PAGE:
Oedema is swelling of any organ or tissue due to accumulation of excess lymph fluid, without an increase of the number of cells in the affected tissue. Oedema can accumulate in almost any location in the body, but the most common sites are the feet and ankles.
Oedema is the increase of interstitial fluid in any organ. Generally, the amount of interstitial fluid is in the balance of homeostasis. Increased secretion of fluid into the interstitium or impaired removal of this fluid may cause oedema.
Generation of interstitial fluid is regulated by the Starling equation of tissue fluid which states that it depends on the balance of osmotic pressure and of hydrostatic pressure which act in opposite directions across the semipermeable capillary walls. Consequently, anything that increases oncotic pressure outside blood vessels (for example inflammation), or reduces oncotic pressure in the blood (states of low plasma osmolality, for example cirrhosis) will cause oedema. Increased hydrostatic pressure inside the blood vessel (for example in heart failure) will have the same effect. If the permeability of the capillary walls increases, more fluid will tend to escape out of the capillary, as can happen when there is inflammation.
Abnormal removal of interstitial fluid is caused by obstruction of the lymphatic system, for example due to pressure from a cancer or enlarged lymph nodes, destruction of lymph vessels by radiotherapy, or infiltration of the lymphatics by infection such as elephantiasis.
Oedema without a modifier usually refers to peripheral or dependent oedema, the accumulation of fluid in the parts of the body that are most affected by gravity. In ambulatory people these are the legs, although in those who are bedbound the first manifestation may be sacral oedema. If severe enough, peripheral oedema may progress to involve the abdominal or even thoracic wall (this may be referred to as generalized oedema or anasarca). In particular oedema states (e.g. nephrotic syndrome, see below), periorbital oedema (around the eyes) may be present.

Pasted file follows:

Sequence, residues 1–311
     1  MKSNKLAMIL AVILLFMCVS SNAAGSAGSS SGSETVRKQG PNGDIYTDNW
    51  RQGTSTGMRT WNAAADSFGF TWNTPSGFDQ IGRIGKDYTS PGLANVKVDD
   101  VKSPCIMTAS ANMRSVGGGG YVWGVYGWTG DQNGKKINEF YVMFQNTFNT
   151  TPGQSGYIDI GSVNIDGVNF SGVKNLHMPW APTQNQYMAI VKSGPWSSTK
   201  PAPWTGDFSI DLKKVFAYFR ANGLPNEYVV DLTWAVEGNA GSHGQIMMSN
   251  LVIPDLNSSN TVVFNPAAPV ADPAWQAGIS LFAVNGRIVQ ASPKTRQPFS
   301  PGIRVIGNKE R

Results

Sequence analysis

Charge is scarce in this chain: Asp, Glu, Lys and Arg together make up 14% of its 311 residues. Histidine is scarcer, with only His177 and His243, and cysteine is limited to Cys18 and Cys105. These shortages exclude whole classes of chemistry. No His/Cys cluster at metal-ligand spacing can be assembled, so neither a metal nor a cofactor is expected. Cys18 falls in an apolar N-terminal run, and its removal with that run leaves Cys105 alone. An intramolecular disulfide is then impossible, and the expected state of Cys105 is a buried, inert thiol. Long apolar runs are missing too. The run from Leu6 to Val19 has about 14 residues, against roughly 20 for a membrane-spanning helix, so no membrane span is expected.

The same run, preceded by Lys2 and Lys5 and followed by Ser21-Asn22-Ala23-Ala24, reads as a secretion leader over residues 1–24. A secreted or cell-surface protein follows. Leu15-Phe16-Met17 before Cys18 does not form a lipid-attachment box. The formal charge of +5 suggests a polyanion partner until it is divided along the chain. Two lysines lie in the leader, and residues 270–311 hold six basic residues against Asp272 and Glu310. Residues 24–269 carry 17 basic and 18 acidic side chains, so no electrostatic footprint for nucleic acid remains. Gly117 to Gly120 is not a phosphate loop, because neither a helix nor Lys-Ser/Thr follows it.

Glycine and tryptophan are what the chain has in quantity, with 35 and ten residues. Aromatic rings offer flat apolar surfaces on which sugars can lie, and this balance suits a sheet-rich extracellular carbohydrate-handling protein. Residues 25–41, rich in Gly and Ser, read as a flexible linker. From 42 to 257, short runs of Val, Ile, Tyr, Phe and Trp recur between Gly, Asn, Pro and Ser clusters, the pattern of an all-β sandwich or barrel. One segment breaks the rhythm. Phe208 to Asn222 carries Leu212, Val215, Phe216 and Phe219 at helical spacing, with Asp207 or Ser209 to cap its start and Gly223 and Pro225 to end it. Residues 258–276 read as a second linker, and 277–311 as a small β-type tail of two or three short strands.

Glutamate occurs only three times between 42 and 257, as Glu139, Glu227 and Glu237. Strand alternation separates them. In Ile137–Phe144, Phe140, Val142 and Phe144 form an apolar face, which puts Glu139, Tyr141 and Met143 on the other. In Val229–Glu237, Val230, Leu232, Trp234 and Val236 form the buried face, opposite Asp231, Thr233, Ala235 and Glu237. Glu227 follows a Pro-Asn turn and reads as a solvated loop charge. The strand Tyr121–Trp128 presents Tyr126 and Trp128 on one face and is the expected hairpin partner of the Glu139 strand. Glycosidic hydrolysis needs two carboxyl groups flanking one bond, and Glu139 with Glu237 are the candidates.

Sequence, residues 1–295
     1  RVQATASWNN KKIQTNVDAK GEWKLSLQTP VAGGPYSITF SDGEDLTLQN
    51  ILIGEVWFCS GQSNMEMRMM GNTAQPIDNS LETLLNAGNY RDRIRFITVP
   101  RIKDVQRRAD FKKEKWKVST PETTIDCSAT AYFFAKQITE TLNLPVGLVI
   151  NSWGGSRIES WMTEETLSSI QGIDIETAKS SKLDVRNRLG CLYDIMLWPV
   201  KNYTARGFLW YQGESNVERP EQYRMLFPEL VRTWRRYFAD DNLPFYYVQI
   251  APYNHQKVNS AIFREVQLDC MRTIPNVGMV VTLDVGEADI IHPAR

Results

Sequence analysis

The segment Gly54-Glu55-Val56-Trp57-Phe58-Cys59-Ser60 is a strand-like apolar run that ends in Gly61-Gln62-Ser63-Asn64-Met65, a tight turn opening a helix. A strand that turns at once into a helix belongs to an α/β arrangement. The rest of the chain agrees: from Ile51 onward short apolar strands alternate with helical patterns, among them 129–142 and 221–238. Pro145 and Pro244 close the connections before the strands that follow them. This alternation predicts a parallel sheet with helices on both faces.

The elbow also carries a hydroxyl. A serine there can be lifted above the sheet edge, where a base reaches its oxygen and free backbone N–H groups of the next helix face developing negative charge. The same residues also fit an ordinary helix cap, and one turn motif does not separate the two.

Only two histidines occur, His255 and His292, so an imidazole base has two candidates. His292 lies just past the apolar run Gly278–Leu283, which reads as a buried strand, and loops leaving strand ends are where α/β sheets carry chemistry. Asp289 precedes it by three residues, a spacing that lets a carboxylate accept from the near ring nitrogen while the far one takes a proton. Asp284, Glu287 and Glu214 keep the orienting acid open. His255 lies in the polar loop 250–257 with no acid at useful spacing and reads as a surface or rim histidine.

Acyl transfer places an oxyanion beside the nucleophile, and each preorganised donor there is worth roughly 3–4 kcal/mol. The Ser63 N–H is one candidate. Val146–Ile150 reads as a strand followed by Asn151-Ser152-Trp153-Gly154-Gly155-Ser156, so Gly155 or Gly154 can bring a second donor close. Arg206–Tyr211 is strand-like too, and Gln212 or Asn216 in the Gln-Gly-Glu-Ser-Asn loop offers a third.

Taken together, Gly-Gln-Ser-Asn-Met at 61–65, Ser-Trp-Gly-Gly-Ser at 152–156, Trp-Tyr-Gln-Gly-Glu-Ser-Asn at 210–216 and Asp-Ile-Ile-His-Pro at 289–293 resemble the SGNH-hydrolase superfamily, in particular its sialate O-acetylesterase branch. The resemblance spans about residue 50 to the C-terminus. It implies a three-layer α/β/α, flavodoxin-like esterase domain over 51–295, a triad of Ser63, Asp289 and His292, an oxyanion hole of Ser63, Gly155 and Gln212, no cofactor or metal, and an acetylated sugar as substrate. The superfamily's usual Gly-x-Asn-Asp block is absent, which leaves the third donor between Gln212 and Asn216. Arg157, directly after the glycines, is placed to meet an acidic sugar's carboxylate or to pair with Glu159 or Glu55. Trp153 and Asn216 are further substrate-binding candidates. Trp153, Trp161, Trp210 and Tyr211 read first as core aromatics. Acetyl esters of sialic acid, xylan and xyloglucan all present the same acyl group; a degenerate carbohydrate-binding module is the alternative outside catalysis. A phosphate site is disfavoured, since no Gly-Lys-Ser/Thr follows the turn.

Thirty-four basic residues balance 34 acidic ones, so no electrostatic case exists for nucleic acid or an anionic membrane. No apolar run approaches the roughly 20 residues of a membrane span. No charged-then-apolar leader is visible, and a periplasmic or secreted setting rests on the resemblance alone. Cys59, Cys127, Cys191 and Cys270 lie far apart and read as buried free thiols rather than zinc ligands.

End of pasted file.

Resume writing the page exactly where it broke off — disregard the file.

Some phenomena may distinguish different causes of peripheral oedema. Most peripheral oedema is pitting oedema - pressing down will lead to a shift in the interstitial fluid and the formation of a small pit that resolves over seconds. Non-pitting oedema may reflect lymphedema, a form of oedema that develops when the lymph vessels are obstructed.
Causes of peripheral oedema are:
- high hydrostatic pressure of the veins, leading to poor reabsorption of fluid o venous obstruction, e.g. deep vein thrombosis (typically one-sided)
- low oncotic pressure o cirrhosis
- obstruction of lymph drainage o infection
- inflammation (active secretion of fluid into the interstitial space due to increased membrane permeability by inflammatory mediators): o allergic conditions (e.g. angioedema)
o congestive heart failure
o varicose veins
o asymmetric compression of thigh and leg (e.g., knee pads, tight jeans)
o nephrotic syndrome (renal protein loss)
o epidemic dropsy
o fibrosis after surgery
o any other form of inflammation (tumour - or swelling - is one of the main characteristics of inflammation)
Oedema of specific organs (cerebral oedema, pulmonary oedema, macular oedema) may also occur, each with different specific causes to peripheral oedema, but all based on the same principles. Ascites is effectively oedema within the peritoneal cavity, as pleural effusions are effectively oedema in the pleural cavity. Causes of oedema which are generalised to the whole body can cause oedema in multiple organs and peripherally. For example, severe heart failure can cause peripheral oedema, pulmonary oedema, pleural effusions and ascites.